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Friday, 19 January, 2001, 18:01 GMT
How do we tackle Europe's population problem?

The German Christian Social Union leader Edmund Stoiber has recently said that people should be paid to have more children.

He's suggested a thousand marks per child per month.

This proposal comes in the context of two important trends in Europe today - an aging population and the debate about immigration.

What is the solution to Europe's population problem? Encouraging bigger families at home? Or allowing more immigrants in?

For this week's Europewide debate from Berlin, Europe Today's Mark Reid brought together the Oxford University demographer, David Coleman and the German MP of Turkish origin, Cem Oezdemir.


Was Mr Stoiber considering Germany's population?

Alexander Crawford, USA
Was Mr Stoiber considering Germany's population, or that of the current membership of the EU? I ask because Hungary, Poland, Turkey and other future members certainly don't have 'aging' populations. Once they are 'official' members of Europe their citizens will certainly be happy to move to Western Europe to take up the population slack. Moreover, they will not technically be immigrants any more than a Texan moving to New York is an immigrant in the US.
Alexander Crawford, USA

The world is too crowded and too populated for the available resources. Water, arable land, space. We should give financial incentives to adopt, not to bear more children.
Allison Rich, USA

In Singapore, our government is paying people to have more children. Yet, people are not having kids due to an ineffective child-care system. What we should think about is how to take care of these babies after they are born, not whether this proposal should be allowed.
Rudolph Wang, Singapore.

This development is irreversible

Andrej, Russia
This development is irreversible. Industrialised nations with bright, educated populations don't slide back to the dark times of ignorance and ten children per household when their fortunes decline, as the former USSR demonstrates. So, what is there to do? Nothing - we just have to accept that our civilisation is going to die out (with a different ethnic content, it will be a different civilisation).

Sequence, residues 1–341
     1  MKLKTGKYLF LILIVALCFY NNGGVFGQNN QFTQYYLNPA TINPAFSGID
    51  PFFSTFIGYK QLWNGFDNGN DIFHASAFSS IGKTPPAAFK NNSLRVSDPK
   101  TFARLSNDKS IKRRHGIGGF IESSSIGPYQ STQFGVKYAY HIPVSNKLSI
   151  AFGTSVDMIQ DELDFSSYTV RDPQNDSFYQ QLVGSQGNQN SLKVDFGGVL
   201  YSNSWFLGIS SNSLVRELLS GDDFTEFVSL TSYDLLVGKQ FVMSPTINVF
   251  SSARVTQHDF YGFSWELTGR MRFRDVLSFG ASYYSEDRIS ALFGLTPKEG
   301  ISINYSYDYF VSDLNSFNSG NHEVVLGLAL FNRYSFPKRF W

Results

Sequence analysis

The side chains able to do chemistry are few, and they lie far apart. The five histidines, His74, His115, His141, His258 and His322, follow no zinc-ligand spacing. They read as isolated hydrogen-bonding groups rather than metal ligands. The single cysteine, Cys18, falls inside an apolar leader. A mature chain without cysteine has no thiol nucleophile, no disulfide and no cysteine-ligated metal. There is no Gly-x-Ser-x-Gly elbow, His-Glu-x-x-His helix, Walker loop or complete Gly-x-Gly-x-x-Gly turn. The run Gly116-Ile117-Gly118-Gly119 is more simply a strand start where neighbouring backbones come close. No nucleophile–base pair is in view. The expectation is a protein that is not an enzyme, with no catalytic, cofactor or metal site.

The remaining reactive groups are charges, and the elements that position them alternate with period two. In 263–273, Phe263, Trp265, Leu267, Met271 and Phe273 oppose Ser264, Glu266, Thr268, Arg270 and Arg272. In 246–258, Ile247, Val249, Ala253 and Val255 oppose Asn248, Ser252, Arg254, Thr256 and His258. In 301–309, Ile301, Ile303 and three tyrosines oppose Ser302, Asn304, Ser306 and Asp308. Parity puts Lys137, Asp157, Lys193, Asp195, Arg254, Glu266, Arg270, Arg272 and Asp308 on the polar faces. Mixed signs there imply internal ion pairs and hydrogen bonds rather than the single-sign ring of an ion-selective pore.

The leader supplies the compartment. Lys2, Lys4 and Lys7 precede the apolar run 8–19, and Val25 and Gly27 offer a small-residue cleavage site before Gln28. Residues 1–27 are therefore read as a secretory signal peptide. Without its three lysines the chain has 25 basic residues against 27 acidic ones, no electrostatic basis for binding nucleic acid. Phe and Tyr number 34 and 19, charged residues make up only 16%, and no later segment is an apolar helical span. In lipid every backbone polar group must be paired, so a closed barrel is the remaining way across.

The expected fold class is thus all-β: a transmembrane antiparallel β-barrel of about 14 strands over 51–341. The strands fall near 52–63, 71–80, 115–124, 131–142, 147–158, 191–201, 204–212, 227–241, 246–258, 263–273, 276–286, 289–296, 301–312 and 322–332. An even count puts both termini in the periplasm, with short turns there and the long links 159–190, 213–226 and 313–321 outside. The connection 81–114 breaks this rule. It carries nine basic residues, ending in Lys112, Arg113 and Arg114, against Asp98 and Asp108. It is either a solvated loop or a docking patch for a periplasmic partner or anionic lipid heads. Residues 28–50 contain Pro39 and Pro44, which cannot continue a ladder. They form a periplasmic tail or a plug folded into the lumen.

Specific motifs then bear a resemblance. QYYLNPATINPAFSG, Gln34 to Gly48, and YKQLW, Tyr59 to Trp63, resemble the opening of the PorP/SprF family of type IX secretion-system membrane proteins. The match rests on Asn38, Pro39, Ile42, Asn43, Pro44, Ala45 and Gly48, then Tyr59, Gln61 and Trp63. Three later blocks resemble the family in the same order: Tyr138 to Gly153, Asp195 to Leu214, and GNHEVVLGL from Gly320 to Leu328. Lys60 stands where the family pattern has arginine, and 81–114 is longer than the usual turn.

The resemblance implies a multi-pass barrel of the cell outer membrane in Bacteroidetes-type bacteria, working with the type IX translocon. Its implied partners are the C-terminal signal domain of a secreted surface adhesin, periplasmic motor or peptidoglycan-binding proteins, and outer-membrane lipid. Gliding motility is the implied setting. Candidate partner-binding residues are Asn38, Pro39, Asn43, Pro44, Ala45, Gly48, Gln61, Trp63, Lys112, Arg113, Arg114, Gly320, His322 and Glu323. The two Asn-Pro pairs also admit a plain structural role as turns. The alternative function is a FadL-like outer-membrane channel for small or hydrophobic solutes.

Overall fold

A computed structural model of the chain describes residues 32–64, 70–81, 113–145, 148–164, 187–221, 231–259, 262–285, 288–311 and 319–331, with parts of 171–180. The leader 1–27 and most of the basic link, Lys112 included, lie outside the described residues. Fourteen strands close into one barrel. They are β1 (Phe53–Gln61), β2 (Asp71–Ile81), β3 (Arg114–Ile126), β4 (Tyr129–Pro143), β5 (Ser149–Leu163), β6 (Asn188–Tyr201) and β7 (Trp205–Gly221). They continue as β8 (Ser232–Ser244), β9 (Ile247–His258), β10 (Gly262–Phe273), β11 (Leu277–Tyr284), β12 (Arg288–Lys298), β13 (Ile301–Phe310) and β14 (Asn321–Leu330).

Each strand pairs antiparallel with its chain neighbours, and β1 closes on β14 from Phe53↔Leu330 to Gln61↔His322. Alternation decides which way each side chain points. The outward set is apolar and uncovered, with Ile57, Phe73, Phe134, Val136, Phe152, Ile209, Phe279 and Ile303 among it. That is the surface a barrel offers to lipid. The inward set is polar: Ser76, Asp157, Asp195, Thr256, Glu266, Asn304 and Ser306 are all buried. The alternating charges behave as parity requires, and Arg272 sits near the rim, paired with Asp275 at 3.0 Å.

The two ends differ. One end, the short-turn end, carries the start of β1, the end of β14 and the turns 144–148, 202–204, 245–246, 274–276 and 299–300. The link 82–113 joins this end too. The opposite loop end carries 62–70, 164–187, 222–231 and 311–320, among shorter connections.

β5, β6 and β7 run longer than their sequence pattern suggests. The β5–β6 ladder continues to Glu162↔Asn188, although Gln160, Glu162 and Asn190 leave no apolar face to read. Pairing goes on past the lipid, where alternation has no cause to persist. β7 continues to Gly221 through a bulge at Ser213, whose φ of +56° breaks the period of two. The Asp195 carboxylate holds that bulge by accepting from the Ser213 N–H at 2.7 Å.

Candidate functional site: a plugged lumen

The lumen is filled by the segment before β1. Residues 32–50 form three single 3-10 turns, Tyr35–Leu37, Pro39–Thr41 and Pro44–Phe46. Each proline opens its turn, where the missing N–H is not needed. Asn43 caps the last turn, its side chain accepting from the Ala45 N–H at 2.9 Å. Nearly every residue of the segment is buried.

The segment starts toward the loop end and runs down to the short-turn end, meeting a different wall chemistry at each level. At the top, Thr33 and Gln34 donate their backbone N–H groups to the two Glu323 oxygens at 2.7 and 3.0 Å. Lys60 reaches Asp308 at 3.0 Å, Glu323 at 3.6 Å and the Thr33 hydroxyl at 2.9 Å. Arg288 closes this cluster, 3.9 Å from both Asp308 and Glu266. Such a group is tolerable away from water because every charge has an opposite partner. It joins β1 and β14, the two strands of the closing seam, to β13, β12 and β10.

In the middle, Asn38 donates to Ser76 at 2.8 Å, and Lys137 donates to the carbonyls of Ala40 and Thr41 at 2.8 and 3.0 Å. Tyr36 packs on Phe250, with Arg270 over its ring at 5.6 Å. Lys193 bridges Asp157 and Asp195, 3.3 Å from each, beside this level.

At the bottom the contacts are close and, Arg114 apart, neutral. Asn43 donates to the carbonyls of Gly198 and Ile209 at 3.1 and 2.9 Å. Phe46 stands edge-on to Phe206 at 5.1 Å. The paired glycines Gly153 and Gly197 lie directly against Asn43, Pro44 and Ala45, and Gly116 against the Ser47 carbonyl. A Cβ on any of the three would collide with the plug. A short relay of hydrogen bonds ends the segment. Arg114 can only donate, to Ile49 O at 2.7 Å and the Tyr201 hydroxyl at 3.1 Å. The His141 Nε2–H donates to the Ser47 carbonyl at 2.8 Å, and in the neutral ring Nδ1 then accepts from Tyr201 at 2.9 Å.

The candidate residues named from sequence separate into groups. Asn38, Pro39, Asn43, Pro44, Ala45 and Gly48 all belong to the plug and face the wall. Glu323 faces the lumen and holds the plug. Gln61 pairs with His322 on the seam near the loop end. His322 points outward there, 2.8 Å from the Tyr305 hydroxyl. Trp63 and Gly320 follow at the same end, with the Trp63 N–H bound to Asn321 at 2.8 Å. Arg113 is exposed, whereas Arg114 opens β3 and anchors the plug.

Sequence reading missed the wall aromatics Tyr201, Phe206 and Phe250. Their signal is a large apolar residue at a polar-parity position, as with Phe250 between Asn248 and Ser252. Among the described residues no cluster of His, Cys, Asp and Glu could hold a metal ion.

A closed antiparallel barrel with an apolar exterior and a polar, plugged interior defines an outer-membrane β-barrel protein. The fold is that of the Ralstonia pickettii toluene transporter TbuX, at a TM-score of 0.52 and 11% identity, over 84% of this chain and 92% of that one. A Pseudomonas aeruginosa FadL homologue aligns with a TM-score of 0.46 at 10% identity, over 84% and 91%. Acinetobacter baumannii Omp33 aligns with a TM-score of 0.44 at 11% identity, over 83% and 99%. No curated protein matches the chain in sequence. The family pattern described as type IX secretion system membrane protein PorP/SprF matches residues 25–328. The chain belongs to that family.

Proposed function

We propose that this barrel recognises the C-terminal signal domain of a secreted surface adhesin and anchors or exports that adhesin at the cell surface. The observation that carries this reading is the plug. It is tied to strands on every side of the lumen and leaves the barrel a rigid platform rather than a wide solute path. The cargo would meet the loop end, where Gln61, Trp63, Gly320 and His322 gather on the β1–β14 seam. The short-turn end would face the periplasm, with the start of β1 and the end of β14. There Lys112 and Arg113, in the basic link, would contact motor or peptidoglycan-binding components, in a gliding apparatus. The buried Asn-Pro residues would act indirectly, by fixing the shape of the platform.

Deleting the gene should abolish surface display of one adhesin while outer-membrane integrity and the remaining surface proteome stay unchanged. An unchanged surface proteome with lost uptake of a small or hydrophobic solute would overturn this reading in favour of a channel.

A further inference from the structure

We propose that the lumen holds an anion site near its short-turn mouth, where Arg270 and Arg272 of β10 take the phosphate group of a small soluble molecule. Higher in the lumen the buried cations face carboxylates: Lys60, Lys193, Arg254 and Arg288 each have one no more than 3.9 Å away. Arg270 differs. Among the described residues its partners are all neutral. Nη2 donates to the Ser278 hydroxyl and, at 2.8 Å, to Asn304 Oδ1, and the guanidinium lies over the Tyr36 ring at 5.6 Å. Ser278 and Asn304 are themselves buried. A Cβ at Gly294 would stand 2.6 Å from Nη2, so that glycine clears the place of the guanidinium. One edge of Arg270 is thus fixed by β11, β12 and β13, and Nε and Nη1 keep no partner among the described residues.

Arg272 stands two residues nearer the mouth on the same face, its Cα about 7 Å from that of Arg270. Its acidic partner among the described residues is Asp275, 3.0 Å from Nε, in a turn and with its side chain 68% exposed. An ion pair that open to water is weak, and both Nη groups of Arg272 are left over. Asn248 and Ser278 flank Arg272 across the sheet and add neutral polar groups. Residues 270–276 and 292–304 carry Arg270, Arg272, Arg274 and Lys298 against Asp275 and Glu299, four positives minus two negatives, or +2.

Andrej, Russia

What is needed is a radical rethink of how we want our environment to be in a few years. We need to decrease our population, not increase it. We need to stop immigration to Europe, particularly the South East of England, and we must increase the retirement age to 75 since people are living to a much greater age.
Tom, England

I mentioned this to some of my German colleagues and their impression is that it is a silly idea. If you look at the make-up of people here in Germany it is apparent that the ethnicity has been changed by the influx of people and many legal immigrants are making up for the shortfall of population. That is without giving a 1000 dmarks per month per child
Mark, Germany (UK citizen)

Do we need more people?

Ed, UK
Do we need more people? Is there a case for paying people to have kids? There is a danger that some children would be thust into this world for purely financial reasons. Politicians should start to make preparations for a population decline. Ask the younger generation to pay for their own old age provision. Basically, no state pension for those in employment. A reduced population would have many benefits, not least of which would be lower land prices and less pressure on the environment. Why not take a stand for population reduction? That way we could ask the same of the Third World, and not look like hypocrites.
Ed, UK

Immigration is certainly one part of the solution but it poses its own problems with some people feeling threatened by a large influx of immigrants, and the obvious brain-drain on donor countries who need these workers. Increasing the retirement age is another option, or perhaps even a later retirement age, but with a shorter working week. Perhaps we should be happy that we finally have the control over population growth which poorer countries would love to have?
Michael Gahan, Ireland

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